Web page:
GP asks patients to review notes for electronic record
I find the story about partnership job advertisements, or rather the lack of them (News, August 20), very interesting. The story is entirely right as far as the situation is at present. But in my opinion it does not reflect properly on the reasons behind it.
It is oversimplistic to say fewer GPs want to take on the responsibility of a partnership. In fact, I feel the opposite may be the truth. I was part of a VTS scheme and I qualified as a GP only recently.
During one of our last VTS teaching sessions, the topic of discussion among the trainees was about the lack of opportunity to enter into a partnership.
A straw-poll conducted in our group clearly showed a vast majority of the trainees wanted to take on the challenge of partnership.
I think generalising all new GPs as being unwilling to take on the responsibility is not wholly true. The people who say that are not really listening to the newly-qualified GPs.
It is understandable that partnerships are more like a marriage and cannot be rushed. But my worry is that general practice is beginning to reflect the society it is serving with fewer people willing to enter into an official partnership/ marriage.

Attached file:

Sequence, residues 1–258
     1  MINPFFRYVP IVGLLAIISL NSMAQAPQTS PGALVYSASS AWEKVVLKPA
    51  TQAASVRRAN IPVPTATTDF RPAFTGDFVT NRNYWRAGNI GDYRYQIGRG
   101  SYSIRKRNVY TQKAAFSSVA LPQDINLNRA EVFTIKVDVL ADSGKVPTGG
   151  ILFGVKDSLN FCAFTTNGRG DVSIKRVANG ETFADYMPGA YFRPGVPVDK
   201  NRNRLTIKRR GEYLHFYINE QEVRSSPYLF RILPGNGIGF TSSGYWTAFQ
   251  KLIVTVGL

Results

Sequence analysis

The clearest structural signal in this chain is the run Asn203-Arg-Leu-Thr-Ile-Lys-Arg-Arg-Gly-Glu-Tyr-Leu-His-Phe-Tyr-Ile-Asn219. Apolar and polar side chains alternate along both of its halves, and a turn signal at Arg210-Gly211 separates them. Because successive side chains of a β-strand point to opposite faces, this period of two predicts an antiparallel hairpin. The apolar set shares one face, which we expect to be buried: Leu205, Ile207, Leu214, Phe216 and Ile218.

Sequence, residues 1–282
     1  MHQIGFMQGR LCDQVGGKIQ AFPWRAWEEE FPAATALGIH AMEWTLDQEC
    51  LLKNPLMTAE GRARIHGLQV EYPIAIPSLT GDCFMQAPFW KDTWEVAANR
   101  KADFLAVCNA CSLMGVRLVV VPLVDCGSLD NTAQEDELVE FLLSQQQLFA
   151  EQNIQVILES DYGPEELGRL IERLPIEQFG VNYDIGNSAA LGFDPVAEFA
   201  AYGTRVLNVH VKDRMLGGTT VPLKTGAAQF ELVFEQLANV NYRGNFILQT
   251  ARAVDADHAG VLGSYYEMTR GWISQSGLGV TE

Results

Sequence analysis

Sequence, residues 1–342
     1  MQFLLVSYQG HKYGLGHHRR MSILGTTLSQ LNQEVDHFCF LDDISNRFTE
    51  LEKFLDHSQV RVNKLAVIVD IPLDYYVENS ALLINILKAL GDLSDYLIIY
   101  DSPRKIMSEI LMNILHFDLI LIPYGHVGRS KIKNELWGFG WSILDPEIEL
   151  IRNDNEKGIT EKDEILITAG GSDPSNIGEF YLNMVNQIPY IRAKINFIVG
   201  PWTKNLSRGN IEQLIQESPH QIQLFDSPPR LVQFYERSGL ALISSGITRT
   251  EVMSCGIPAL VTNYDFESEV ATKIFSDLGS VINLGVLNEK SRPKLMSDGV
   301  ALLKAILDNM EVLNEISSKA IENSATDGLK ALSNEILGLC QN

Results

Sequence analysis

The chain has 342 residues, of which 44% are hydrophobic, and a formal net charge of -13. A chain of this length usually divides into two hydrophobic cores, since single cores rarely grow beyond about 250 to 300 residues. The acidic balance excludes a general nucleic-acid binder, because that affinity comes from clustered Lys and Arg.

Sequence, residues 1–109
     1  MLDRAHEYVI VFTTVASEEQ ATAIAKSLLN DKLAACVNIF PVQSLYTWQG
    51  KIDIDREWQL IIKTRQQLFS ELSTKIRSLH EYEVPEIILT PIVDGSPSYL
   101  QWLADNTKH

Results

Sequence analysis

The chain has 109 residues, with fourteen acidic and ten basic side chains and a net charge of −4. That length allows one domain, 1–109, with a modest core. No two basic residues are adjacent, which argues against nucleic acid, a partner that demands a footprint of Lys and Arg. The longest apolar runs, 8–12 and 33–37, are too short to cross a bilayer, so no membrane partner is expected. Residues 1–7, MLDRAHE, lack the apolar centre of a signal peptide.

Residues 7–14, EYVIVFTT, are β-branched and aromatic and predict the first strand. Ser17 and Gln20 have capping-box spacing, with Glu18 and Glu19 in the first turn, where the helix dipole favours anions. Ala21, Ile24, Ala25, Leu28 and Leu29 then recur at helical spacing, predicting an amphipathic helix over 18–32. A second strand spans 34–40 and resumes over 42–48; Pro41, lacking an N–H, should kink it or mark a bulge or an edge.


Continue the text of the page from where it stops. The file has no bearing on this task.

Partners with minimal commitment (and subsequently lower benefits) are much sought after by their prospective suitors.
This sad situation makes me think about the recent upsurge in the average principal's earnings (about £110,000). Their new-found reluctance to take on partners may be partially explained by their increased profits.
It is too simplistic to say the entire situation is the result of reluctance among partners to share their earnings. But it would be too naive to think entirely otherwise.
It is important to point out that salaried GPs play a vital role in achieving this increased income. Without them the QOF points would never be achieved. It is time to address the gross disparity of pay between the salaried GP and a full-time partner before it destroys the very soul of general practice.
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